It’s Alive (Or At Least, Will Be): Living Roof Installed and Seeded

by ziggy on October 23, 2013 -- 2 comments -- Follow

New Green Living Roof: Straw Bale House

Newly built living roof, seeded and mulched… and one day, green!

Finally finally finally… after many months of waiting, we are on our way to a completely finished living roof on our straw bale house. Yowee. Just last week, we completed the lower roof over the east half of the house. After we designed and built our living roof edge detail, we heaved soil up there once and for all. Very exciting. I guess it won’t be truly “done” until it’s green, but I’m happy enough for now!

Living Roof Installed and Seeded

We used our same pulley system from last year’s living roof work party to manually raise hundreds of buckets up to the roof, dumped them, and continued that pattern for a good five hours or so. It was thoroughly exhausting, but the accumulated months of anticipation, and adrenaline kept me going. As we went, we scattered winter wheat and vetch seed — a few plant varieties that stand a chance of sprouting this late in the fall. If they don’t come up now, they’ll hopefully make an appearance in the early spring.

Planting the Living Roof

Seeding the living roof with winter wheat and vetch

We went ahead and broke up some rotten bales, spreading the mulch on the surface to keep the soil protected. Fortunately, this east half of the house is well protected from wind, so I think the mulch stands at least some chance of staying up there.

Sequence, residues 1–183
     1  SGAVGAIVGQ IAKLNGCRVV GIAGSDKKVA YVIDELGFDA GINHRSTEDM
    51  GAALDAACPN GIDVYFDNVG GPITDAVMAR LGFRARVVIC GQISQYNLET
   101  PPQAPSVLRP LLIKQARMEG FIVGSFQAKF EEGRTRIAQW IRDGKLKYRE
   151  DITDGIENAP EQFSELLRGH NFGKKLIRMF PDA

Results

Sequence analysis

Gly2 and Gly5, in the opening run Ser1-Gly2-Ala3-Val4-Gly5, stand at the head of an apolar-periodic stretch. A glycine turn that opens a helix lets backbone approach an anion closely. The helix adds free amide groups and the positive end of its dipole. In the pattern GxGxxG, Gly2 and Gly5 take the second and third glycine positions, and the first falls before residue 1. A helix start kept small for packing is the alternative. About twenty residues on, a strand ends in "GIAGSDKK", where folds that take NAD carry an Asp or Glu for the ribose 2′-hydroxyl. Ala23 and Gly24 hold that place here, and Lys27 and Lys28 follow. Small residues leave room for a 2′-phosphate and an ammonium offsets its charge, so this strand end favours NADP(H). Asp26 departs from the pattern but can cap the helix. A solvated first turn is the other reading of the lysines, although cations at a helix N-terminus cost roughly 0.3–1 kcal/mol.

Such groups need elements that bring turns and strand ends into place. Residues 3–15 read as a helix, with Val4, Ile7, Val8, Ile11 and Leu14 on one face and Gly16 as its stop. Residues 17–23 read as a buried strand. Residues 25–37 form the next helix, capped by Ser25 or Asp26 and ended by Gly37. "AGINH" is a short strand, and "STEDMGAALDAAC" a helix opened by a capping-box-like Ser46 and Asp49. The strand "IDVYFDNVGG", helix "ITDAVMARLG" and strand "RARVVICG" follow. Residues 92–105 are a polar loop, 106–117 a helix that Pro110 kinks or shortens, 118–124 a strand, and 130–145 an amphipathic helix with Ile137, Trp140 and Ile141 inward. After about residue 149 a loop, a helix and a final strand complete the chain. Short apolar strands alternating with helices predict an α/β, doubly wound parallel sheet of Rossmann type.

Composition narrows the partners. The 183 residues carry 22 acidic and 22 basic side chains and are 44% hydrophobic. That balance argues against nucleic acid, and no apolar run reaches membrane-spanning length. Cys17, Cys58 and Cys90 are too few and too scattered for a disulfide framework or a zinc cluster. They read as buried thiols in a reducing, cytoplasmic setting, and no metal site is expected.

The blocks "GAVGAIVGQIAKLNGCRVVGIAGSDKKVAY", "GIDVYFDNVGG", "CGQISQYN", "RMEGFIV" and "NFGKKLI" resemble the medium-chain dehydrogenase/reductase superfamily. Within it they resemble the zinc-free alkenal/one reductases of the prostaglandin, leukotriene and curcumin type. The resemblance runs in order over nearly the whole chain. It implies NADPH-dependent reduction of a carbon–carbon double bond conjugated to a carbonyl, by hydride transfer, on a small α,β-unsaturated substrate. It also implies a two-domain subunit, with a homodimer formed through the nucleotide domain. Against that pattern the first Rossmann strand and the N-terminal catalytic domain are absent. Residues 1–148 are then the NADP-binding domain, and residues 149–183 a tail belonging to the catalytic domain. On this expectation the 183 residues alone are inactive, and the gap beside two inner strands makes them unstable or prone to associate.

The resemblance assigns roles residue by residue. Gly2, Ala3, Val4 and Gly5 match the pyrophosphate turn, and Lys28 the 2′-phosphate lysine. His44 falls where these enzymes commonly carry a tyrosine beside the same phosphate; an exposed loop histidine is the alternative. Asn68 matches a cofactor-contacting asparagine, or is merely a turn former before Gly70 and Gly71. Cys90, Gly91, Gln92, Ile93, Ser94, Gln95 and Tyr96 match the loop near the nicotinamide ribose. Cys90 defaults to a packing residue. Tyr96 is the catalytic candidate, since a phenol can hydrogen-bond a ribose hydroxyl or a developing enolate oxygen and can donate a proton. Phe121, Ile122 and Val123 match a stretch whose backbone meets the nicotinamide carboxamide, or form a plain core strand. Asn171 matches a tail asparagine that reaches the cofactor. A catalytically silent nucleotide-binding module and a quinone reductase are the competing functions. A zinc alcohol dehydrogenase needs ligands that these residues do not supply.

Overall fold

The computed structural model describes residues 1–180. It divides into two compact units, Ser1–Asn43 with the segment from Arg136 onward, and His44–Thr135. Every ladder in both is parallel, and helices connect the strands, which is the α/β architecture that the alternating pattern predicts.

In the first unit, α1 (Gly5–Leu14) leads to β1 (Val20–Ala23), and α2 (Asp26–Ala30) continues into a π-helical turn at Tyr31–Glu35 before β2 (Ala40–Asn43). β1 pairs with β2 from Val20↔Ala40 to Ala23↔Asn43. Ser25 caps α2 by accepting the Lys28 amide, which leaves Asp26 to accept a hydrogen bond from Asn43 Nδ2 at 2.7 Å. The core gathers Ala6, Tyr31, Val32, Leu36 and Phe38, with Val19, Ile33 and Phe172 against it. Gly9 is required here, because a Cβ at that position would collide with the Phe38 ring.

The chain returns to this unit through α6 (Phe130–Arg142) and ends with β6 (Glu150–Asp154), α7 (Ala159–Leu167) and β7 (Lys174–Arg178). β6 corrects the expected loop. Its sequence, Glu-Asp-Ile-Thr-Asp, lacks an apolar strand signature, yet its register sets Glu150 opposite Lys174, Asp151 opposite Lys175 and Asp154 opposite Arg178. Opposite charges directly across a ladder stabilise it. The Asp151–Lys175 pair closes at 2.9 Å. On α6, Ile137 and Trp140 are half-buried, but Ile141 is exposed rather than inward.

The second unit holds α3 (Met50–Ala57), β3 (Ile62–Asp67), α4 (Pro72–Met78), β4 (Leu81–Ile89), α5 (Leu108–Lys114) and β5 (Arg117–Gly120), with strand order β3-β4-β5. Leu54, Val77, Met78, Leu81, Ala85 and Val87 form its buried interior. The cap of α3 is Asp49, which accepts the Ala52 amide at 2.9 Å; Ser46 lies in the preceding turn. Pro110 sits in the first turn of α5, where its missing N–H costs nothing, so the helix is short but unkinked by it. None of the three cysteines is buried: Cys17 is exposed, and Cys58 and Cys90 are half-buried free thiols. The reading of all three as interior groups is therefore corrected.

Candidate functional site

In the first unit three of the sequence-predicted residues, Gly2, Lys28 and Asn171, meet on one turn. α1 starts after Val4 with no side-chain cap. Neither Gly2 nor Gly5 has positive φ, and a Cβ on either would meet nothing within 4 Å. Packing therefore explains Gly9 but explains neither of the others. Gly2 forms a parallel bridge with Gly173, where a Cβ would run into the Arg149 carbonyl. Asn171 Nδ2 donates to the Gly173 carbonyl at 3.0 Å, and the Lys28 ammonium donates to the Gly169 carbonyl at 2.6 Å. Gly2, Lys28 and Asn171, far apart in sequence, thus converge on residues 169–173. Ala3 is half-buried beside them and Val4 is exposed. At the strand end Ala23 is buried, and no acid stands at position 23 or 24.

A gentle rain came down yesterday, and if all goes well, a few seedlings will show their heads through the top of the mulch. We’ll see. It’s getting cold around here, so the seed will have to really want it.

Over the next few days, we’ll do our last side of edging, and with one more work party, we’ll raise the remaining bit of soil up to the upper roof. Exciting times. It’s been a long time coming…


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  • Corrine

    Hello again! I’m loving your posts and very interested in your move to Berea and a more in-depth posting on the why’s of this. Also, could you give your recommendations on who might be a leading author or just builder using natural building materials, who has experience building especially in the Midwest.

    Thanks and good tidings!

  • I’m considering writing a little more about our move to Berea, and why we chose that area in particular. Thanks for your interest! Where are you located in the Midwest? I’ll get back to you with a few recommendations.

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